Do you have winch envy? I mean do you wish you had shiny new self-tailing winches like on bigger and newer sailboats? It’s easy if you think about how you have to go to the extra effort to cleat off your sheet on every tack when the other guys only have to give them another wrap. Depending on the position and type of the cleats on your sailboat, that can be frustrating.
Before I get any further, a bit of legal housekeeping. This post contains affiliate links. That means I receive a small commission if you make a purchase using these links. You can buy these products anywhere you like, of course. For a complete explanation of why I’m telling you this and how you can support this blog without paying more, please read my full disclosure.
When you look at the prices of just one new self-tailing winch, the luxury of self-tailing on a trailerable sailboat isn’t worth the price:
Lewmar #14 $456.00
Andersen #12 $490.50
Harken #16 $1,153.44
Yikes! A pair can cost more than the total value of some pocket cruisers. No, it just isn’t logical to spend that much money to replace working winches just for the sake of a little convenience or a little bling. That would be like putting $1,000 worth of new wheels and tires on a 1985 Ford Escort. Self-tailing winches are the Rolex watches of sailboats — sailboat jewelry.
But don’t get an inferiority complex over it either. You can upgrade your current winches to self-tailing convenience for about the cost of a tank of gas. The clever folks at Barton Marine designed a flexible rubber collar that can slip onto the top of your existing winches and converts them to self-tailing. Called Winchers, they are essentially the part of a self-tailing winch that that you can add to your regular winch. You can install them in minutes.
Out on the water
A self-tailing winch uses a feeder arm to guide a wrap of line off the top of the drum up into a pair of spring-loaded jaws, sometimes called crowns. The jaws grip the line similar to the way a cam cleat does. Since the winch secures the tail of the line (also called tailing) you don’t have to hold tension on the line while you crank or recleat it.
Winchers work on the same principle but without a feeder arm. On a true self-tailing winch, the feeder arm is stationary and attached to the winch stem. That part is not practical to add to a regular winch. But the ribbed groove in the Winchers can hold a line in the same way as self-tailing winch jaws.
I added a pair of Winchers (size Small) to Summer Dance over the winter and have enjoyed them all summer. They’ve been particularly helpful for the first mate who doesn’t have as much upper body strength. She used to struggle with cleating the sheets when we were close hauled. Winchers end the need for that last pull on the line to set it in a cam cleat.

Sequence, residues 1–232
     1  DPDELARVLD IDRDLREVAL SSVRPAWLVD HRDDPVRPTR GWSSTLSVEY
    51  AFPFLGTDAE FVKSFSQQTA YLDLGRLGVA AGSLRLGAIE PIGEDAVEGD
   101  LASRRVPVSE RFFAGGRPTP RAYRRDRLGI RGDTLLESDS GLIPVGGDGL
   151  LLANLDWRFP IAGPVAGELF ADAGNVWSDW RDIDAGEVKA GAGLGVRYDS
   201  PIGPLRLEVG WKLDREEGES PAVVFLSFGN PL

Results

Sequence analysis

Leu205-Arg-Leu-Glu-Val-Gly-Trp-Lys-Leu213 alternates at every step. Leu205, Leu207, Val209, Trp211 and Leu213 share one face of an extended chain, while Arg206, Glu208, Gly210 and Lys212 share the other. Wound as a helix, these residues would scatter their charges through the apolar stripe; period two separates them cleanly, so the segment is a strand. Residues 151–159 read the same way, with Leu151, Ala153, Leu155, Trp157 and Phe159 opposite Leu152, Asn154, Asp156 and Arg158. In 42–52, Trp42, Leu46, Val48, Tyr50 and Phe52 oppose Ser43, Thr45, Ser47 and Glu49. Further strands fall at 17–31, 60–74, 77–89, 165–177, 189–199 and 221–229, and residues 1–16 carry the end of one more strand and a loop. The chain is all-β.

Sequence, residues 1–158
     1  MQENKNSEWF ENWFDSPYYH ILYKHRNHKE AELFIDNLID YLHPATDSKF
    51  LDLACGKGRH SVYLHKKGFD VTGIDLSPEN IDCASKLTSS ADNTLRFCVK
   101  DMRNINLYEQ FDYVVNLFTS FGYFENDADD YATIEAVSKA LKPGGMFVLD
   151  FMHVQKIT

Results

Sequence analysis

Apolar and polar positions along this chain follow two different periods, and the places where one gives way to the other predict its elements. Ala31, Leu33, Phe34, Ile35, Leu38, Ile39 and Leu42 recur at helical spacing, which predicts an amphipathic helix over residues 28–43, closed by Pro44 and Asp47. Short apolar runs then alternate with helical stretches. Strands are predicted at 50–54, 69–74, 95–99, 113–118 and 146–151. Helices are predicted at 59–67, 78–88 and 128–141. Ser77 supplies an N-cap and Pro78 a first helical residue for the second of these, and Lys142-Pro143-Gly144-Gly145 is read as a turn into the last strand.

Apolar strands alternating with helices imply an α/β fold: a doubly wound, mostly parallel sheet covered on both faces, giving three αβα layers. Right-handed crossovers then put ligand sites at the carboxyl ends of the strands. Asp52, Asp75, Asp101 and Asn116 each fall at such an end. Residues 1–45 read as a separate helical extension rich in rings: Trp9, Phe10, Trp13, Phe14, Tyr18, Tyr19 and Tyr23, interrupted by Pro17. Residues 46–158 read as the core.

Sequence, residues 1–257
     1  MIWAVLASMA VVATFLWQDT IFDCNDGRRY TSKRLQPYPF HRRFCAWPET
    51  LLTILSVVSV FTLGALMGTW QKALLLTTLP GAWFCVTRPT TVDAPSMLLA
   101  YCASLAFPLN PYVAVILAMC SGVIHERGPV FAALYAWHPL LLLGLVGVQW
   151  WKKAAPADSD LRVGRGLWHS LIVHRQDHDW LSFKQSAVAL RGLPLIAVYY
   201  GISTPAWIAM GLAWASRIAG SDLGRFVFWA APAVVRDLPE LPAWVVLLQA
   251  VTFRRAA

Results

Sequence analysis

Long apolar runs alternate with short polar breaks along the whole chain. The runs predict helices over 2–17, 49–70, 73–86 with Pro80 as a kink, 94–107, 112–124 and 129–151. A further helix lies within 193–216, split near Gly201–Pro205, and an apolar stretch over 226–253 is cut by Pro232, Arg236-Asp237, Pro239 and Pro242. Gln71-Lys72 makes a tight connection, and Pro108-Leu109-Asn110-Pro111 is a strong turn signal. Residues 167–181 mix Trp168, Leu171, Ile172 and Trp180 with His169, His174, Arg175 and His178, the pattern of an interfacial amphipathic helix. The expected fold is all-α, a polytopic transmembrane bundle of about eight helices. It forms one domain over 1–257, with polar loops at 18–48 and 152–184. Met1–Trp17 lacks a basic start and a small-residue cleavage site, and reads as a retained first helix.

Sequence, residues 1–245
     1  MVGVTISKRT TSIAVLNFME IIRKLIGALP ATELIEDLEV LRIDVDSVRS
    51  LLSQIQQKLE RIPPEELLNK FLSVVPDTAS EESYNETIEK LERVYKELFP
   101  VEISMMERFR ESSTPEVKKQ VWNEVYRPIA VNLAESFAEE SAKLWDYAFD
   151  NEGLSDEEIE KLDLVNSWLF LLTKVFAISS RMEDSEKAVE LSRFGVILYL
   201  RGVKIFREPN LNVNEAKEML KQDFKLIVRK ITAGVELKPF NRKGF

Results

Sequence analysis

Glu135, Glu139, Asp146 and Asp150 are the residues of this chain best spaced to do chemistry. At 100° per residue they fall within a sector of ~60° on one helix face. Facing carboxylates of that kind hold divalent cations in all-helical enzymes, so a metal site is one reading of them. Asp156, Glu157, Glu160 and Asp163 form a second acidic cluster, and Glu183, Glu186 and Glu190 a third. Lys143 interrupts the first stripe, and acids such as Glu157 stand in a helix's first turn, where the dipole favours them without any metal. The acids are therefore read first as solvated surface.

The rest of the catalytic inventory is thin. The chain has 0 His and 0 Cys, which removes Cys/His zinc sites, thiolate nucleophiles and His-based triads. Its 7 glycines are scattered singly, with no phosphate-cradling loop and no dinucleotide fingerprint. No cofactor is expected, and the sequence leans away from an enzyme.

Winchers work two ways. The first way is to just wrap the winch drum completely and let the line snub up against the ribbed bottom of the Wincher like in the following picture.
This compresses the Wincher slightly and increases its grip on the line. In light to medium air, this alone is often enough to hold the line. Just haul the sheet in and then relax. The Wincher holds the line for you. When it’s time to switch tacks, it’s effortless to unwind the sheet off the drum.
The other way that the Winchers work is to first fill the drum as above, but then make an extra wrap in the groove of the Wincher like in the picture at the top of this post.
The line wedges into the groove slightly and the ribs in the groove together with the line on the drum also pressing up on the bottom of the Wincher puts a surprisingly good grip on the line. This is usually enough for medium to heavy air. I have had the sheets slip through the Winchers in heavy air though, so in sustained heavy conditions, I resort to using the cleats like normal but that’s not very often.
The one function that Winchers don’t have compared to true self-tailing winches is the ability to automatically feed the line up off the drum and into the groove as you crank the winch. This is because there is no stationary feeder arm to guide the line. They will, however, self-tail while cranking if you don’t make a wrap around the groove. As you wind line onto the bottom of the drum, it squeezes the line at the top of the drum up against the ribbed bottom of the Wincher, which guides it out away from the drum at the same rate as new line winds onto the drum.
In my experience, self-tailing for a sailboat the size of the C-22 isn’t a big deal. The sails aren’t so big enough that I can’t harden them with just a little more muscle most of the time. I seldom need to crank my sheet winches with a handle and even then, it’s only a quarter to a half a turn. A feeder arm and continuous self-tailing is only useful for more taking in more turns to harden bigger sails.
Even so, I like the Winchers for their self-cleating action alone. As you can see in the pictures above, the winches on Summer Dance angle outboard, which places the cam cleats below the winch bases. That makes for an awkward place to set the line into the cam cleat. The Winchers make the process very natural and intuitive.
Winchers come in four sizes: Small, Medium, Large, and Extra Large to fit drum sizes from 64mm to 100mm. For help in selecting the right size for your winches, see the chart at the bottom of this page. They are sold at many popular marine outfitters, including Amazon, West Marine, and Defender.
If someone were to steal my Winchers, I would miss them and would probably replace them, but I wouldn’t relapse into winch envy.
Would you like to be notified when I publish more posts like this? Enter your email address below to follow this blog and receive notifications of new posts by email. You will also receive occasional newsletters with exclusive info and deals only for followers and the password to the Downloads page. It’s free and you can unsubscribe at any time but almost nobody does!